From an Armani dress at the Academy Awards that Jessica Chastain said made her feel like Marilyn Monroe to a fictitious Broadway musical about her life on NBC’s “Smash,” the late icon is having a moment.
And Macy’s is ready to pounce on the opportunity by launching a collection of apparel in the mstylelab department at 150 stores and online mid-March.
The collection, which was created in partnership with LF USA and Authentic Brands Group, is targeted at 16- to 22-year-old women and will range from sundresses and halter dresses that cinch at the waist to cropped pants, gingham tie-front tops, pink polka dot denim and cut-off T-shirts. Several of the Ts feature photos of the actress. The collection will retail between $29 and $89.
“It’s very retro in feel but updated,” said Martine Reardon, Macy’s chief marketing officer. “It’s very feminine and flirty.”
The collection will be “one of the lead brands on our juniors’ floor,” Reardon said, and will be marketed in March magazines including Teen Vogue as well as through social media channels. There will also be “several targeted direct mail pieces” for Macy’s customers, as well as in-store representation that will employ iconic images of the actress.
The Marilyn Monroe collection launch is part of a larger strategy for the retailer to zero in on what it calls the Millennial generation, shoppers between 13 and 30 with estimated annual spending power of $65 billion for product at Macy’s price level. The company identified 23 brands in categories ranging from men’s and women’s apparel to footwear and beauty that it believes will appeal to this customer.
If sales of Marilyn Monroe apparel are as successful as expected, Reardon said, Macy’s would consider expanding the product categories it offers under the label in the future.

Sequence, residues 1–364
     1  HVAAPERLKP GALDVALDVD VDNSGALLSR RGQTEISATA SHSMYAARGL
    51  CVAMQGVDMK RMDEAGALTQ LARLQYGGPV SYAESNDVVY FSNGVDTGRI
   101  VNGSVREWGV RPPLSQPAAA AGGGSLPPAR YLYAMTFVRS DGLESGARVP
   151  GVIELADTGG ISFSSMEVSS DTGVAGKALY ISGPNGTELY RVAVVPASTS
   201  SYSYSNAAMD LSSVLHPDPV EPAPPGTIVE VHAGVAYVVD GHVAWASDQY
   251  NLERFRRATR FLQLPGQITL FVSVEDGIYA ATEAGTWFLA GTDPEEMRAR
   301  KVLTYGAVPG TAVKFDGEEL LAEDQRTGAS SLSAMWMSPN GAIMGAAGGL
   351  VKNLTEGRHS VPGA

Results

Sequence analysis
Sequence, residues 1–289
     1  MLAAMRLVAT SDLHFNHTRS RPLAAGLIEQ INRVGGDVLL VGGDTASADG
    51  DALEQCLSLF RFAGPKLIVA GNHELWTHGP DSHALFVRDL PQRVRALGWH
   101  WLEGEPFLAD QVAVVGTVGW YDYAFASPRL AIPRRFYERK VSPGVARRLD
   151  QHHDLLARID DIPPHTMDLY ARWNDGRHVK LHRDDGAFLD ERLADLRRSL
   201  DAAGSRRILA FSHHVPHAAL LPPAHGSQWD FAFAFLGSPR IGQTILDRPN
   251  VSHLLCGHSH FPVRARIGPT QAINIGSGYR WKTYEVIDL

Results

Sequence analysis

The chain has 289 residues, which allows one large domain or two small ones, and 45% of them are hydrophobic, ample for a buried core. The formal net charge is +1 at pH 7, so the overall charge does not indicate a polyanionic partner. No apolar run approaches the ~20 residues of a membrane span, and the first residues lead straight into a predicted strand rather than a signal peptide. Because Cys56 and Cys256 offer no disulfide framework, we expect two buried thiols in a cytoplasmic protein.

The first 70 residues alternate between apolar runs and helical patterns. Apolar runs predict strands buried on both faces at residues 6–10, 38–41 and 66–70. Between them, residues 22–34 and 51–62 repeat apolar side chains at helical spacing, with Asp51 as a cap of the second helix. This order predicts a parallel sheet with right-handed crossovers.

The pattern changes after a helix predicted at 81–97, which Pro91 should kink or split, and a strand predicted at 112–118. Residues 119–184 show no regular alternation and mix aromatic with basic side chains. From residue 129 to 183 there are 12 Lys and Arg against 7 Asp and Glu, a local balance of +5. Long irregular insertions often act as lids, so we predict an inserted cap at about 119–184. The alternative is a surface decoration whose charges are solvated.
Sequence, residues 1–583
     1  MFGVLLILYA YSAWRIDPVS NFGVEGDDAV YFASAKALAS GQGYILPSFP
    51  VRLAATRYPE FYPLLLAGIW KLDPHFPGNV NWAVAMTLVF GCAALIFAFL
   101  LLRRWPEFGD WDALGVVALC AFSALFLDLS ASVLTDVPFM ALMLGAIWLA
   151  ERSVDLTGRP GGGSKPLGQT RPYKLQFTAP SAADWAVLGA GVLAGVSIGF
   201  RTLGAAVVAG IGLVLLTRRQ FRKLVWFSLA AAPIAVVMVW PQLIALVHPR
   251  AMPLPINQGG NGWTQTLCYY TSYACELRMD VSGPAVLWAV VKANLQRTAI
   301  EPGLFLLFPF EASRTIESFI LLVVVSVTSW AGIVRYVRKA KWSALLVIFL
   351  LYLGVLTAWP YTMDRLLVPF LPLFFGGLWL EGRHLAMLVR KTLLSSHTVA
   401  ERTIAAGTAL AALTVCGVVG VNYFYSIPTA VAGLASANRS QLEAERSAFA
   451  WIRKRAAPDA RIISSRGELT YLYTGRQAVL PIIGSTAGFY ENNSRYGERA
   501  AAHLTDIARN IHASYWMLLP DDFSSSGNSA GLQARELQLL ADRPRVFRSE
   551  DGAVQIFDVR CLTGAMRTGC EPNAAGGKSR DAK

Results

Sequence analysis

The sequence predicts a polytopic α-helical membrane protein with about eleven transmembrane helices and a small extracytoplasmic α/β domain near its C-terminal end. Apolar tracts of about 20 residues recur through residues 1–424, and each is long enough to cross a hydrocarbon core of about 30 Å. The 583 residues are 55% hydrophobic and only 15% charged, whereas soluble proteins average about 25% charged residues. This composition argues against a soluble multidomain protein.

Nick Woodhouse, president of Authentic Brands, which acquired the intellectual property of Marilyn Monroe LLC in January 2011, said much of the product in the market today is “novelty-based” and includes products such as Post-it notes, but the collection launching at Macy’s is its first foray into ready-to-wear. The brand also has licensing deals with MAC for cosmetics and Dior for fragrance.
He said that although he believed a Marilyn Monroe collection could be a “good brand” for Authentic Brands, the appeal to young girls was a bit surprising. “But the Google generation has recognized her sense of style and mystery” and is also drawn to her “amazing quotes that you couldn’t make up yourself,” he added.
Woodhouse declined to provide a volume projection for the line.
Looking ahead, Woodhouse said Authentic Brands will be offering other products, including optical glasses, sunglasses and accessories with Allure Eyewear, for fall; handbags, fashion accessories and gifts with Li & Fung accessories for summer; candy with It’Sugar for spring, and women’s footwear with Will-Rich Shoe Co. for holiday.
Woodhouse, whose company recently purchased Judith Leiber and HMX Group, said he also anticipates “a luxury play” with the label going forward.
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